Provision of Mental Health Counseling Services Under Tricare Disability and Rehabilitation Ethics in the University of Iowa College of Education. Dr. Tarvydas received her MA in educational rehabilitation counseling and her PhD in rehabilitation psychology from the University of Wisconsin–Madison. Consultant to the Committee Rhonda J. Robinson Beale, MD, is the chief medical officer for OptumHealth Behavioral Solutions, a health-maintenance organization. Earlier, she served as the chief medical officer for PacifiCare Behavioral Health, senior vice president and chief medical officer for CIGNA Behavioral Health, national medical director for Blue Cross Blue Shield, executive medical director of medical and care management clinical programs for Blue Cross Blue Shield of Michigan, and senior medical director for behavioral medicine for Health Alliance Plan. Dr. Robinson Beale has over 20 years of behavioral health and quality-management experience. She is a member of the Institute of Medicine (IOM) Board on Health Care Services and has served on the IOM Board on Neuroscience and Behavioral Health. As a member of several IOM committees, Dr. Robinson Beale has contributed to important national studies, including Crossing the Quality Chasm and Managing Managed Care: Quality Improvement in Behavioral Health. In addition, she has served on the National Quality Forum Board of Directors as cochair of the Steering Committee for Evidence-Based Practices to Treat Substance Use Disorders project. She serves on the Board of Directors of the Association for Behavioral Health and Wellness. Dr. Robinson Beale received her medical degree from the Wayne State University School of Medicine and her psychiatric training at the Detroit Psychiatric Institute. She is certified in psychiatry by the American Board of Psychiatry and Neurology. Dr. Robinson Beale is a National Associate of IOM. Institute of Medicine Staff and Other Contributors David A. Butler, PhD, is senior program officer in the Institute of Medicine (IOM) Board on the Health of Select Populations. He received his BS and MS in engineering from the University of Rochester and his PhD in public-policy analysis from Carnegie Mellon University. Before joining IOM, Dr. Butler served as an analyst for the US Congress Office of Technology Assessment and was Research Associate in the Depart-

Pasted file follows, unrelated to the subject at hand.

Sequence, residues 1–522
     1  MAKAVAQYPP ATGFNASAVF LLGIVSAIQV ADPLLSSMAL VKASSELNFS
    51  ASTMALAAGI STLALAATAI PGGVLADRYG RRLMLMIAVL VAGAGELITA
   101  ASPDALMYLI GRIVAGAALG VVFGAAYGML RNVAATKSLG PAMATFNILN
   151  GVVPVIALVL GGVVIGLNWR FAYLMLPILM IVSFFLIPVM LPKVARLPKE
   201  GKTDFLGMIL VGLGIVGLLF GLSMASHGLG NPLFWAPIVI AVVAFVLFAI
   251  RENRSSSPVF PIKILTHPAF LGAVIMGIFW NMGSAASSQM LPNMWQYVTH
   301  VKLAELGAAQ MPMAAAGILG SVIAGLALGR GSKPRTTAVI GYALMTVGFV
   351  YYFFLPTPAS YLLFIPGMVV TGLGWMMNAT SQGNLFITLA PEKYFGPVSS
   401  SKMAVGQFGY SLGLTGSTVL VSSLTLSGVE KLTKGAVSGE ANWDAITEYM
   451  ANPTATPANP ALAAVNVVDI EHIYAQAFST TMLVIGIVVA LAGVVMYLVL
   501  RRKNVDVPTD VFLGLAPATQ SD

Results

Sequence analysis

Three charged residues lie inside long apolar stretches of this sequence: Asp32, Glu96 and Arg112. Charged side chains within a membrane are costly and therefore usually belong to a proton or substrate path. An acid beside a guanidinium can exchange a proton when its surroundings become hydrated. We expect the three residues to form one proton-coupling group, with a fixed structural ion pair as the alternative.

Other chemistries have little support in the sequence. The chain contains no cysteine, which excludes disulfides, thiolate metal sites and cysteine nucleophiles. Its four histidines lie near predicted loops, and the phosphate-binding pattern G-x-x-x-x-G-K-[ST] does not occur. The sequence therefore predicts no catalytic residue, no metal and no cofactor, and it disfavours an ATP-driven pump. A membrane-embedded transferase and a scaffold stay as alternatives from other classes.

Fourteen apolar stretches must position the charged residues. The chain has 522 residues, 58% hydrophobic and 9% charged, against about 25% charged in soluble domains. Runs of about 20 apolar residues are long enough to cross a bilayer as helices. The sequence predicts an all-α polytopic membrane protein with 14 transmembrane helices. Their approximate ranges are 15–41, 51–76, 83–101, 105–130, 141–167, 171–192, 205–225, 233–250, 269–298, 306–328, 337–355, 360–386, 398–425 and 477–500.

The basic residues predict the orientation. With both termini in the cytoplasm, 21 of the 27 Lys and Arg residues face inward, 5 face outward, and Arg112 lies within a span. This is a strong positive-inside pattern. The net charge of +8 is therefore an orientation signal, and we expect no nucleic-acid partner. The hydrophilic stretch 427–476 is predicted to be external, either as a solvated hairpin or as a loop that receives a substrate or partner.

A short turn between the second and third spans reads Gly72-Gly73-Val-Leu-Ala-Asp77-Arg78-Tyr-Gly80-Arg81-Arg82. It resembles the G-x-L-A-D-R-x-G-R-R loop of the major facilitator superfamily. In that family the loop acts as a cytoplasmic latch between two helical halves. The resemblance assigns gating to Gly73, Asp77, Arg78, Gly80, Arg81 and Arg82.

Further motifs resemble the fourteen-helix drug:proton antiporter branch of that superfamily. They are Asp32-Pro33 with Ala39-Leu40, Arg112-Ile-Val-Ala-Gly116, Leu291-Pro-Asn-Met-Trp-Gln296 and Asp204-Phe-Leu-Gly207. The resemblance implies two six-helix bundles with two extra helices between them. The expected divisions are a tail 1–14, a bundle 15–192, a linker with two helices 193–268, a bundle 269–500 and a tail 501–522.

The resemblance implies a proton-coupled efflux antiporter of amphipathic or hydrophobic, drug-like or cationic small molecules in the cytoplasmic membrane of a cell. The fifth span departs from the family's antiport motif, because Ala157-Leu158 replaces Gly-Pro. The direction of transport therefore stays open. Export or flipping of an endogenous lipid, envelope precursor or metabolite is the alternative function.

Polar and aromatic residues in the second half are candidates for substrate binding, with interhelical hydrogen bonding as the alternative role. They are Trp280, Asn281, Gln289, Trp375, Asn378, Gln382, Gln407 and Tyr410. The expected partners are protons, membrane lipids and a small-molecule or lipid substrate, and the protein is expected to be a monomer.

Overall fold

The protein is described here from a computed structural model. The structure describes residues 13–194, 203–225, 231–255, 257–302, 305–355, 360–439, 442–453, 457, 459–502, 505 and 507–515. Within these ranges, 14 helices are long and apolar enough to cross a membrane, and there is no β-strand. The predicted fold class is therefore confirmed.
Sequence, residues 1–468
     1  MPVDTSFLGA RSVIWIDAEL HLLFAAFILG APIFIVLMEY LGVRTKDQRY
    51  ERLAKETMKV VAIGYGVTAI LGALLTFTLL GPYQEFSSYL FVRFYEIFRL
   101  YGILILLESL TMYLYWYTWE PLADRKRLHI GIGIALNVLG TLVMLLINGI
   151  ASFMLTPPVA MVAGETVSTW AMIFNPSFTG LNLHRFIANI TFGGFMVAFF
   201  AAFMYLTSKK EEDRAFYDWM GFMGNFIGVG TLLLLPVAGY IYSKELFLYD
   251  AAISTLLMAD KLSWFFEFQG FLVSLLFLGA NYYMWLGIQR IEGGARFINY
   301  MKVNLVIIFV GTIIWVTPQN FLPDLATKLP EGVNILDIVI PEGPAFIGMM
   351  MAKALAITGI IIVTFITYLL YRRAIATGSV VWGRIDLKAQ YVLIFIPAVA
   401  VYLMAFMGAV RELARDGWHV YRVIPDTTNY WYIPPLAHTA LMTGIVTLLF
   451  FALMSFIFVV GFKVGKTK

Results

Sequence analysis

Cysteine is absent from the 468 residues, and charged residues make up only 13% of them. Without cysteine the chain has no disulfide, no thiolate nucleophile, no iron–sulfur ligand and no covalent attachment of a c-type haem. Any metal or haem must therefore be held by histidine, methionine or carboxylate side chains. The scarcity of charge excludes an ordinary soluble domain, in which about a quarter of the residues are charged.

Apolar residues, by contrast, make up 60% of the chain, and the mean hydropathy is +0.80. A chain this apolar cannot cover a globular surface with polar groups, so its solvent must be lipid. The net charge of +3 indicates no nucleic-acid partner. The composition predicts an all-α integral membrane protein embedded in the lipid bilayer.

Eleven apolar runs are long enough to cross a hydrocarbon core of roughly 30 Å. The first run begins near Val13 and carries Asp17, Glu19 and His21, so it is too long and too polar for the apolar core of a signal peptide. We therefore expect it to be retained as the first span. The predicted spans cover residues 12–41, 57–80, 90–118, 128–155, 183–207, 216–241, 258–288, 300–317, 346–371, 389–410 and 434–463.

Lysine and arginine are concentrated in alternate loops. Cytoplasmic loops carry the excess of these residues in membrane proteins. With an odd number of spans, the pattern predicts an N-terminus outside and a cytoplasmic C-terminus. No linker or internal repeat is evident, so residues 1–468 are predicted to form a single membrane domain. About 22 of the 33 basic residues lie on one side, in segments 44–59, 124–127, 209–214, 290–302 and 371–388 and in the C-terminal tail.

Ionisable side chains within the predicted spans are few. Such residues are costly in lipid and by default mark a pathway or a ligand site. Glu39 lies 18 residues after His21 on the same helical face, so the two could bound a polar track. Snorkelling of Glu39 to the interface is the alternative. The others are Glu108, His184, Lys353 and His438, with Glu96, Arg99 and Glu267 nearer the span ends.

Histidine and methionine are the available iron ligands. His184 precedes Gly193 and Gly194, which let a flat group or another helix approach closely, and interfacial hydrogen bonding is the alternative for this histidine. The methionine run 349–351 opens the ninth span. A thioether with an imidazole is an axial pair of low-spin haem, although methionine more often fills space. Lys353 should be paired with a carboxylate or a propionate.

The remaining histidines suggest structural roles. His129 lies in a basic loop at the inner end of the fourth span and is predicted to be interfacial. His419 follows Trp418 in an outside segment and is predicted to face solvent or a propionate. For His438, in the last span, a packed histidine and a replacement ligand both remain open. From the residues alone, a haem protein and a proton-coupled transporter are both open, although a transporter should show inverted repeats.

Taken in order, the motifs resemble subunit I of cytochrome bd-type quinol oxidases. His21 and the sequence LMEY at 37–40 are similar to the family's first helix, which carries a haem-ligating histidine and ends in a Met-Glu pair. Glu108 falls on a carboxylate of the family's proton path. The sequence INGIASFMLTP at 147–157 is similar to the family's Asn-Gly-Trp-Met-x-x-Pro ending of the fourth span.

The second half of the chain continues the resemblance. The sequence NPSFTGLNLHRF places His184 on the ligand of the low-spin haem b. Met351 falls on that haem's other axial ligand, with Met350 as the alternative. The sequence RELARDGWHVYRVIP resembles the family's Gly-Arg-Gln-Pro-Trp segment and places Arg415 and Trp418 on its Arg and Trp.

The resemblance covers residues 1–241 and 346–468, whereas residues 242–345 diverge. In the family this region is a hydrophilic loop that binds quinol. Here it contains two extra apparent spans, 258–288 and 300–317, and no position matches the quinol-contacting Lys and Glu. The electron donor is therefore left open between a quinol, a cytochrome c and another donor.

OCR for page 335